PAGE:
The Best Opening Texts for Talking to Girls

Talking by text can take the pressure off of asking a girl out.
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If talking to your crush makes you tongue-tied, start things off with a cute text instead. Texting the object of your affection allows you to craft what you want to say well before you accidentally blurt out something that makes her say, "Huh?" Let your thumbs do the talking and woo your potential partner with an imaginative opening text.

1 Quote It

You want to send that special girl an equally special text. But when you sit down to formulate your text, nothing comes out. If you can't come up with a one-liner that will impress your crush, borrow one from a pro. Opt for a love quote or a line from a famous poem. If you think that going old school and quoting Shakespeare -- or a similar famous author -- won't get your message across, pick a line from a contemporary song. Go for a bold or quirky quote. Avoid the super-sappy ones.

2 Focus on Her

If you lead your opening texts with "I" statements -- such as "I like you" or "I just wanted to say hi" -- this takes the focus off of the girl and puts it on you. Instead of making your text conversation about you, show your interest. For example, don't say, "I was going to see a movie, do you want to come along?" Try: "Want to get dinner? Anywhere you want." Another option is to ask an opening question about her such as, "What's your favorite food?" When you follow it up with, "We should go out and get some," she'll get the message.

3 Generalize It

If you are not quite ready to let the girl know you like her, send a general text. An indirect opening suggests that the two of you get together without saying so, according to the article, "5 Ways to Indirectly Ask for a Date," by social and personality psychologist Jeremy Nicholson on the Psychology Today website. This strategy opens the lines of communication. For example, send her a text about a school assignment: "Hi. Did you study for the bio quiz?" Keep in mind that a general text is a foot in the door. It gets the two of you "talking," but may not show romantic intent.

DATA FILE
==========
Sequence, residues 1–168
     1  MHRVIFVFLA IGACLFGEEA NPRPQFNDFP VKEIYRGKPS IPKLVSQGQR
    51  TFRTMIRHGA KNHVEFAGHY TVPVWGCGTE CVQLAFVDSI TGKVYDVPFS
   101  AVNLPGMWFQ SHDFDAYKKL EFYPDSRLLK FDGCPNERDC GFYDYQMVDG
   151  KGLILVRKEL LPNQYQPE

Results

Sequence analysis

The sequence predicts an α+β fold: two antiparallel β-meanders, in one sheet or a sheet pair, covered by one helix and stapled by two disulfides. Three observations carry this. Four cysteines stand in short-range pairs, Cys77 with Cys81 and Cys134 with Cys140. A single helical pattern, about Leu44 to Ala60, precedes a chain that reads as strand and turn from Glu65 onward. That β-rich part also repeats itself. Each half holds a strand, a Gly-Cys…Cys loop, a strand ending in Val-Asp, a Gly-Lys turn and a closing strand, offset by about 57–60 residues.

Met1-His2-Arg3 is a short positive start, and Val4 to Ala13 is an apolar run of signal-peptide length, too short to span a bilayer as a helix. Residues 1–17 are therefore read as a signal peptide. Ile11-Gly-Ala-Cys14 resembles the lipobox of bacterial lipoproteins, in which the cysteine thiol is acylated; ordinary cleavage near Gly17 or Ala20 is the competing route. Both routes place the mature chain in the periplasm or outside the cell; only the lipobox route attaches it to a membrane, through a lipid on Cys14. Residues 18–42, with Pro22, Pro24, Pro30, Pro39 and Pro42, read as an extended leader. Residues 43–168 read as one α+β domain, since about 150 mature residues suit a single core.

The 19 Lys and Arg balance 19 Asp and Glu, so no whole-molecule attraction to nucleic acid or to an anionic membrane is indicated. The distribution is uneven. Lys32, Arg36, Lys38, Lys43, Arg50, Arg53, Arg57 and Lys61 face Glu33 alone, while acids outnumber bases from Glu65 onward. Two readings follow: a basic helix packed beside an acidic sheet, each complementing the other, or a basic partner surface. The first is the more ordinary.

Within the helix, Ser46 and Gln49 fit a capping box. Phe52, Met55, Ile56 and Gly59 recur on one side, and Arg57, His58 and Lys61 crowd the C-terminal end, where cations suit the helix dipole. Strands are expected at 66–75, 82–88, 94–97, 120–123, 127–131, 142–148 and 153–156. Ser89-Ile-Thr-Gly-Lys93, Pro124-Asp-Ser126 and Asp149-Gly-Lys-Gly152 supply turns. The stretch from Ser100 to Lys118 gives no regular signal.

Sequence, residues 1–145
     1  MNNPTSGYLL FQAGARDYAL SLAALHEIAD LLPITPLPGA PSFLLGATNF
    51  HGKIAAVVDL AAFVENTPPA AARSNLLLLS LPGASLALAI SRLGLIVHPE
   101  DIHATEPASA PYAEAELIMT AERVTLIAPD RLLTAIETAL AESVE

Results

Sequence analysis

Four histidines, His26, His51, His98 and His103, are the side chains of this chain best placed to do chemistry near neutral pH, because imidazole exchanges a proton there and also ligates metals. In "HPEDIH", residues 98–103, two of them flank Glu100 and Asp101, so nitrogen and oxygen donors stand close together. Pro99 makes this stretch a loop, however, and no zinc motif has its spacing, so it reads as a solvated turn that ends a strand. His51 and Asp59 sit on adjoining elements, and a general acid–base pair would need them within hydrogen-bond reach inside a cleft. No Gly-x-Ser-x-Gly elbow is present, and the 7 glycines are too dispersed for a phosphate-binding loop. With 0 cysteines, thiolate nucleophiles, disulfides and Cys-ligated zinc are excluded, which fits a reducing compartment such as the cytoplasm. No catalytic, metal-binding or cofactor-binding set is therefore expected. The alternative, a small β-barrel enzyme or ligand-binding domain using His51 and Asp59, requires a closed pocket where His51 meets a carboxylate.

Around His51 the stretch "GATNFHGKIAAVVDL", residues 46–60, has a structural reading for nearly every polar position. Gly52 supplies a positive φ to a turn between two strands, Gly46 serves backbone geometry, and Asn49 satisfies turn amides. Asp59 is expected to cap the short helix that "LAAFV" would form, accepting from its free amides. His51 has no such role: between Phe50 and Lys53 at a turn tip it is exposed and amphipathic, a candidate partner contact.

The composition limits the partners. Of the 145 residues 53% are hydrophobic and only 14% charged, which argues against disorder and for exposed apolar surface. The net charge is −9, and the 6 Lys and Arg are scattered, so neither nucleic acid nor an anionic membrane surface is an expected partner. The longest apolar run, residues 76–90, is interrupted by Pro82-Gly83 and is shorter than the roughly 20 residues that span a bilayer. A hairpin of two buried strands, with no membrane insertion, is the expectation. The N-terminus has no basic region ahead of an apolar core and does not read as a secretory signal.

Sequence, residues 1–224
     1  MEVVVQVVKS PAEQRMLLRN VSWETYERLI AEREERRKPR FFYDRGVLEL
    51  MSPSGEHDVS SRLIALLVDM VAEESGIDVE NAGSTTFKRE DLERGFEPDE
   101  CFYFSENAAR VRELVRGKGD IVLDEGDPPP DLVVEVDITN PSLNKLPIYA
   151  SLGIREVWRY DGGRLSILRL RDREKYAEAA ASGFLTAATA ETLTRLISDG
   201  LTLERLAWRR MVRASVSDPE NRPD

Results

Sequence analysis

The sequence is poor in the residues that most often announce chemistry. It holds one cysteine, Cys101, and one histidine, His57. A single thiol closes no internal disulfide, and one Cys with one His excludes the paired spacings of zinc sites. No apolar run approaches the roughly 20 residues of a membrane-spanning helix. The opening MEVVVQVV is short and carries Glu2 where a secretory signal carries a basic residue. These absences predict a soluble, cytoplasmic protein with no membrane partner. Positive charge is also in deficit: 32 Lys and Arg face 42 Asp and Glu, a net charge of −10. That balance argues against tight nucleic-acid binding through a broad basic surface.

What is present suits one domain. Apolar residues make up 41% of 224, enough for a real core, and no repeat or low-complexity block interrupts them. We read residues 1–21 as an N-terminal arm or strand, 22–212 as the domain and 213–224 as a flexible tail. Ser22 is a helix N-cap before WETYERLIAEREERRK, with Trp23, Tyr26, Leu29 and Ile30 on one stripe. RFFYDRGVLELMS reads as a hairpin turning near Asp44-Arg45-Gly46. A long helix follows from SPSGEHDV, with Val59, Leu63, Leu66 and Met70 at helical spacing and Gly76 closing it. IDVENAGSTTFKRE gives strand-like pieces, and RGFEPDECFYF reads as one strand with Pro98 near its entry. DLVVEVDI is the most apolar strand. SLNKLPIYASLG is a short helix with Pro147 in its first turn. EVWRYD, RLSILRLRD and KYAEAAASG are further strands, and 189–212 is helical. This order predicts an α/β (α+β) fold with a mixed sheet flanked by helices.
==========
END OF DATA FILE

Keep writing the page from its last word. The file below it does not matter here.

4 Picture This

Instead of a lengthy opening monologue sent via cell phone messaging, go for a sweet graphic. Select a cute emoticon, attach a photo that would interest her -- such as the picture you snapped of her and her BFF at the school picnic -- or a heart symbol. You can also make your own picture if your cell doesn't have or support ready-made emoticons. For example, the < symbol plus the number three makes a heart.

Based in Pittsburgh, Erica Loop has been writing education, child development and parenting articles since 2009. Her articles have appeared in "Pittsburgh Parent Magazine" and the website PBS Parents. She has a Master of Science in applied developmental psychology from the University of Pittsburgh's School of Education.